The case was taken back to Fosters, suitably engraved and put on display in the factory. A photograph of it appears in their 1920 book ‘The Tank-Its Birth and Development’
On 3 December 1915 the first trials of Mother took place in Lincoln and, according to Stern, were “very successful”.
One of the tests that had been ordered by d’Eyncourt was the firing of the 6 pounder gun to see what effect it would have on the crew and the sponson. When Maj Hetherington attempted to fire the gun it misfired. The gun was elevated so that the cause of the misfire could be investigated when it went off, sending the shell in the direction of the Cathedral which was only about a mile away.
After two hours of searching however the shell was found, safely buried in a field. The conclusion reached by all was that a bigger test facility would be needed.
Picture courtesy of Richard Pullen
In parallel to the development of the No 1 Lincoln Machine and Little Willie, Wilson had created a wooden mock-up of a larger, alternative design, roughly based on a rhomboid shape and with the tracks running around the complete outside of the vehicle.
It was first shown to the likes of D’Eyncourt, Hetherington and Swinton earlier in the month in Lincoln and then, on 29 September 1915, it was shown to a wider audience at the Trench Warfare Department’s experimental ground in Wembley Park. It was known as the Wilson machine and also as the Centipede.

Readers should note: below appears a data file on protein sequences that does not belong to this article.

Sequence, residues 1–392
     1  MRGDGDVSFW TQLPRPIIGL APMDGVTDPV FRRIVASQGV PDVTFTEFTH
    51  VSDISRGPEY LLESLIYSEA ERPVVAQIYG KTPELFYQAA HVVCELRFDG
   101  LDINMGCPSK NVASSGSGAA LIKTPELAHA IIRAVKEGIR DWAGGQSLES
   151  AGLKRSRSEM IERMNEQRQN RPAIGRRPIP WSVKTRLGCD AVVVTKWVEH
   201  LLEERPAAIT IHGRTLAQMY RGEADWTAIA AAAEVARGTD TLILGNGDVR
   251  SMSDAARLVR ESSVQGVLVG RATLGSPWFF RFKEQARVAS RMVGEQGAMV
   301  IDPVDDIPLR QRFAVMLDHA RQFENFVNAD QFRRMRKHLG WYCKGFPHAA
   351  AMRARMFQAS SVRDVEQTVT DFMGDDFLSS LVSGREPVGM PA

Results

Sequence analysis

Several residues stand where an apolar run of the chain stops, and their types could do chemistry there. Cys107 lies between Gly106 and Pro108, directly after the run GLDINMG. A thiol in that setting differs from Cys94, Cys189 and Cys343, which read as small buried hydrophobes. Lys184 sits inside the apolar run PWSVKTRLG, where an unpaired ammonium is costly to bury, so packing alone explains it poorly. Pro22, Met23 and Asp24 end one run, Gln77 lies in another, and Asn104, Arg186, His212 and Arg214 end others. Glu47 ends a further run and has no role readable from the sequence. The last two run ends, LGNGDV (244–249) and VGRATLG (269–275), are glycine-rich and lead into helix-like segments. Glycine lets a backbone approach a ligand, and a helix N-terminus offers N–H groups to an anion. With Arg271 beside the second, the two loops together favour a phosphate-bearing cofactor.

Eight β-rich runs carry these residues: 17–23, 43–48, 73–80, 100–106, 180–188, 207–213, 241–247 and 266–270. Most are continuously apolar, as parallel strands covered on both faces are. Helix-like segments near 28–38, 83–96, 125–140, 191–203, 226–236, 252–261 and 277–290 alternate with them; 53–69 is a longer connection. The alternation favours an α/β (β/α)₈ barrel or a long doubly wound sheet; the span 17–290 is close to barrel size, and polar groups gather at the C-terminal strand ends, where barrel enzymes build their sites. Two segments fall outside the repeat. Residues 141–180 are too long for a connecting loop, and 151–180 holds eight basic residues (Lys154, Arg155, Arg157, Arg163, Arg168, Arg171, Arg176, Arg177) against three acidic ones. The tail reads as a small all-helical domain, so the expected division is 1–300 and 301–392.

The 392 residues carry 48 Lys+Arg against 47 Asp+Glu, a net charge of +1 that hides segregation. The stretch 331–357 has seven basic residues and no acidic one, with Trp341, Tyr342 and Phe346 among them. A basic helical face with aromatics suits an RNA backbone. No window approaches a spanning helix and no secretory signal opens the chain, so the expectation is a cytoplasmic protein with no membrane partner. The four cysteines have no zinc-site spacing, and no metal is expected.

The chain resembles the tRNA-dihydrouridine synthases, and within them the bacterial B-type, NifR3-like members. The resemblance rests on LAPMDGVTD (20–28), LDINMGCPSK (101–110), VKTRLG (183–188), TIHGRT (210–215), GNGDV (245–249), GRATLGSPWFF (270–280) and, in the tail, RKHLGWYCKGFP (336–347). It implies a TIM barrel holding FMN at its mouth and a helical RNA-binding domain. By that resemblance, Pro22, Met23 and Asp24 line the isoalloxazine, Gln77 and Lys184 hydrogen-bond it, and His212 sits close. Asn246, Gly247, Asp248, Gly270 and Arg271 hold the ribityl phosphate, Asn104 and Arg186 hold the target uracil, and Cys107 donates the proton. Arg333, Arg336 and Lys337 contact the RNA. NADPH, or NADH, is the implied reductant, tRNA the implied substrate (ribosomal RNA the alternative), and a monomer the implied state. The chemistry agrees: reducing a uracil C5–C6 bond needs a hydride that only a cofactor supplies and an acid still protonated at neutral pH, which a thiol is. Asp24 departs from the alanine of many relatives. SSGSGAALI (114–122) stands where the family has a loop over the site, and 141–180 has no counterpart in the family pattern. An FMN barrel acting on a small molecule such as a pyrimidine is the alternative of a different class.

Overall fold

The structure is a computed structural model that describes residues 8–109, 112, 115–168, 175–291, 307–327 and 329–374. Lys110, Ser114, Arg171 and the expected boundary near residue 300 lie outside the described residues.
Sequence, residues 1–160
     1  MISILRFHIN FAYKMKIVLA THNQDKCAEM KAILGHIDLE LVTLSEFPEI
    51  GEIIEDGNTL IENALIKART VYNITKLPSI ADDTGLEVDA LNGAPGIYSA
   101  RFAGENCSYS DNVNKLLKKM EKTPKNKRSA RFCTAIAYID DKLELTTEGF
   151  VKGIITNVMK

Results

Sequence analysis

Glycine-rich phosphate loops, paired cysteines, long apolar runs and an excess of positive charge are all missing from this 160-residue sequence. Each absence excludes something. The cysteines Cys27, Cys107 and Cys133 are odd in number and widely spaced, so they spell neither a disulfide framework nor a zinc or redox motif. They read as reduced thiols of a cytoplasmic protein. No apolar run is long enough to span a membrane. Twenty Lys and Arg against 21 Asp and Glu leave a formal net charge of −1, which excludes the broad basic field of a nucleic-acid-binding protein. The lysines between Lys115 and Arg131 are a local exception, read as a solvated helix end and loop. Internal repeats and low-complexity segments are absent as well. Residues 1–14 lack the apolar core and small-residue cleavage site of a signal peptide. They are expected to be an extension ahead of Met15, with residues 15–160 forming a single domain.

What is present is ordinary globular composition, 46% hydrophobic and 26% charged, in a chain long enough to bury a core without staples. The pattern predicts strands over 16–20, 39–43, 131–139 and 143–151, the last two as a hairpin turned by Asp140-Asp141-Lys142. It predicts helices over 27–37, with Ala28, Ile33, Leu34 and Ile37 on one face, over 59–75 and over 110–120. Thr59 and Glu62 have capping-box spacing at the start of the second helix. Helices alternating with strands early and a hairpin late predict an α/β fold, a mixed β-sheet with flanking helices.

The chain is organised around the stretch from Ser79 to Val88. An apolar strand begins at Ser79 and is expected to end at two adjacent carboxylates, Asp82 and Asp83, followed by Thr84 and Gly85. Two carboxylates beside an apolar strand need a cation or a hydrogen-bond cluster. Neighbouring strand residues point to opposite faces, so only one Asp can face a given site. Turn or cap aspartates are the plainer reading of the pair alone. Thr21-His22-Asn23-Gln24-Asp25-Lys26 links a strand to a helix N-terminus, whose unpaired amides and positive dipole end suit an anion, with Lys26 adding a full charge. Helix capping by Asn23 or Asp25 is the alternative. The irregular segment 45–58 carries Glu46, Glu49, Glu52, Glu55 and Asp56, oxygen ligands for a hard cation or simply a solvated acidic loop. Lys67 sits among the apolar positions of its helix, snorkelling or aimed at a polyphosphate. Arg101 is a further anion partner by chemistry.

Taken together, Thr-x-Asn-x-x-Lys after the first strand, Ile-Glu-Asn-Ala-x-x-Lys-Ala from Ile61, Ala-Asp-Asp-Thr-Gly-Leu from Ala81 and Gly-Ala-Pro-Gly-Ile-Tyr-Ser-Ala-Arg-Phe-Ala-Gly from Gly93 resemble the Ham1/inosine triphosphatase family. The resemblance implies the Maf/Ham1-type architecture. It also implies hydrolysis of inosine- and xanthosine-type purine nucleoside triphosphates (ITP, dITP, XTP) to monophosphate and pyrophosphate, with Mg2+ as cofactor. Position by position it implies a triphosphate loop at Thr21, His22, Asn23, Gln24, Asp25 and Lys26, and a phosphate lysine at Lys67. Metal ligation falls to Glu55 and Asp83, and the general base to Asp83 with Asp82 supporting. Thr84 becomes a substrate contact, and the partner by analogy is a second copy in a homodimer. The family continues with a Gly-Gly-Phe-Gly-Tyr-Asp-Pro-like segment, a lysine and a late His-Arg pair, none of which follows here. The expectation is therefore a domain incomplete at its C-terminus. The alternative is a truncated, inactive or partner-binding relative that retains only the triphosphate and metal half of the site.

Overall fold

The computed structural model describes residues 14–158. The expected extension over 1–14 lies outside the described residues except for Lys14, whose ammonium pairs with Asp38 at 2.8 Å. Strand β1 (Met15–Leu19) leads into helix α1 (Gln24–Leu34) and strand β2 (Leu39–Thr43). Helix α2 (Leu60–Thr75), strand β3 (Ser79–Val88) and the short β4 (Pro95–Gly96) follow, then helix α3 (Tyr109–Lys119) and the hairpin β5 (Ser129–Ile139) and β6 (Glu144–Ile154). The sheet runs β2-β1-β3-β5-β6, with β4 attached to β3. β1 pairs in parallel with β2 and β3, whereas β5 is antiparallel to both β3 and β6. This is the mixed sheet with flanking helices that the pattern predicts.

The following day instructions were issued for Wilson and his team to produce a working prototype of the new design while at the same time continuing with their work on Little Willie
Tritton and his colleague Wilson oversaw the building of what came to be known as the Number One Lincoln Machine.
Construction started on 11 August 1915 in a corner of the factory in Lincoln. The machine was little more than a boiler plate box body fitted with a dummy turret. The wheels were to both help with steering and to make the somewhat top-heavy machine more stable.
Number One Lincoln Machine
The machine moved for the first time, inside the factory, on 8 September 1915 ** and it started trials on the South Common, next to Cross O’Cliff Hill in Lincoln, on 10 September 1915. These trials were not successful because the tracks weren’t up to the job; they were fine for steady use on level ground but on anything more severe they had a tendency to sag and fall off the rollers.
Despite his continuing reservations about tracked vehicles, Tritton was determined to improve the design and he and Wilson spent many late nights in their office in the White Hart Hotel working on a solution.
The South Common (Courtesy of Richard Pullen)
The Last Standing Remnant of William Fosters Factory (Courtesy of Richard Pullen)
**B Liddell Hart, The History of the Royal Tank Regiment, p44.